George Osborne said the economic recovery was well underway on Thursday when he delivered his autumn statement in parliament, but food poverty charity the Trussell Trust has argued that the “recovery is not filtering down”.
The charity, which provides support to more than 400 food banks across the UK, says that the poorest in society are facing a tough Christmas amid the rising cost of food and energy.
George Osborne said in his autumn statement, “Thanks to the sacrifice and endeavour of the British people, I can today report the hard evidence that shows our economic plan is working.”
But some question just how much of a sacrifice the poorest in society are having to make.
Chris Mould, executive chairman of the Trussell Trust, said, “We’re glad that the economy appears to have turned a corner, but we can’t ignore the reality for millions of British citizens who are facing a tougher winter than ever.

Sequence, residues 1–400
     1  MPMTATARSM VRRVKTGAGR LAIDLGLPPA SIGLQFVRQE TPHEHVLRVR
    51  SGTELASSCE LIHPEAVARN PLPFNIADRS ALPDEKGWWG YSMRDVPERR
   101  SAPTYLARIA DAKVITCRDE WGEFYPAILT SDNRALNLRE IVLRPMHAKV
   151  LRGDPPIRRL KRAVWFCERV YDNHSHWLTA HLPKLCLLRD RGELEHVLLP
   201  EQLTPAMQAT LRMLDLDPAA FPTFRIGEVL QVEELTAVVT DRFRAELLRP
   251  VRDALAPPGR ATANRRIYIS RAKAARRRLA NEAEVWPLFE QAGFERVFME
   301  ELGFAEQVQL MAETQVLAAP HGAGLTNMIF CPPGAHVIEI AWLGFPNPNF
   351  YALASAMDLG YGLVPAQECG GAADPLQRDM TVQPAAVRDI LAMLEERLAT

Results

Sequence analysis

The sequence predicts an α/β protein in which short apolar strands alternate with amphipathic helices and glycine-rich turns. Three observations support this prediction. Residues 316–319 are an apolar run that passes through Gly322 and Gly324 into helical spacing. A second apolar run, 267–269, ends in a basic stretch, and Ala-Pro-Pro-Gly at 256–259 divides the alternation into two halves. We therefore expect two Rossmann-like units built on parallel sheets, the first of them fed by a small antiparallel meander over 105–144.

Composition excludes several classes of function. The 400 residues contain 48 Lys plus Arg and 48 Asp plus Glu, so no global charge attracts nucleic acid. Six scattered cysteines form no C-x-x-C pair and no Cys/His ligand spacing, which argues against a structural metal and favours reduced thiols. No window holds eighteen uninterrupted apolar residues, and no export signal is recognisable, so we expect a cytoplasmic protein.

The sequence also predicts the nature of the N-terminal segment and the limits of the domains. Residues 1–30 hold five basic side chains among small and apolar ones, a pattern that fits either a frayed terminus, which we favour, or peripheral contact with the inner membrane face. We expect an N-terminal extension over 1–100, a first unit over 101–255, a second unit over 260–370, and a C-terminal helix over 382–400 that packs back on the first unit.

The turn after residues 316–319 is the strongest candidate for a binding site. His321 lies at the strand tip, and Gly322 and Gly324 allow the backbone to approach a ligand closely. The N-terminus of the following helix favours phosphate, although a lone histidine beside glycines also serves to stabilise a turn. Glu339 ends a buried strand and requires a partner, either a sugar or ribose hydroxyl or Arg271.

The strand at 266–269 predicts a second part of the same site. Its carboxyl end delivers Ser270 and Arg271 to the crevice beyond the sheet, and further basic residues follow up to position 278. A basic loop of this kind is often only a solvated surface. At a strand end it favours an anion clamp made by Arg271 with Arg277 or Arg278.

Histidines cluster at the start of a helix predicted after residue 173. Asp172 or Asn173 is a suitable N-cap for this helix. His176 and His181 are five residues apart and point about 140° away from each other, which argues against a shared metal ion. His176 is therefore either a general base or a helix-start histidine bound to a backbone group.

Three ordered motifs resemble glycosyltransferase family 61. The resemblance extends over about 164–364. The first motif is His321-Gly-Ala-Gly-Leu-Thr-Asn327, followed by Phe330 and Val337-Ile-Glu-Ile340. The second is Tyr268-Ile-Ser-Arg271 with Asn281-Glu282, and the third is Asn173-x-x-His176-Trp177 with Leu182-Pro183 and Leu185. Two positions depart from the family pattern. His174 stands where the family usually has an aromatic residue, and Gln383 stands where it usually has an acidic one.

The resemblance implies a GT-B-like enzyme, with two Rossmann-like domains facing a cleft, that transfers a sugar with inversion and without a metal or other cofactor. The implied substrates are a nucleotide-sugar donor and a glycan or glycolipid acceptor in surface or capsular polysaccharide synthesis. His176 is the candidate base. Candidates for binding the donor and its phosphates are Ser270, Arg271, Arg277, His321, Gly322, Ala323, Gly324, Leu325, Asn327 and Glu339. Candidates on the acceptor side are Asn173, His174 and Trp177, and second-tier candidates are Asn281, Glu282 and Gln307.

“Real wages are down, the cost of food is rising rapidly and so is the cost of heating your home. Recovery is not filtering down. Low-income families are teetering on a financial knife-edge. Today numbers given three days’ emergency food by Trussell Trust food banks since April topped 500,000.”
He added, “Public support for this week’s petition by Jack Monroe asking for UK hunger to be debated in parliament has been phenomenal. It proves that ordinary people are deeply concerned about the distressing poverty they’re seeing in their communities.”
The Trussell Trust has been one of the key players in advocating on issues of food poverty. Back in October, the charity called upon the government to launch an urgent inquiry on “scandalous” levels of food poverty.
Labour recently announced an opposition day debate on food banks and UK hunger, which is due to take place on December 18, a move which Mould welcomes.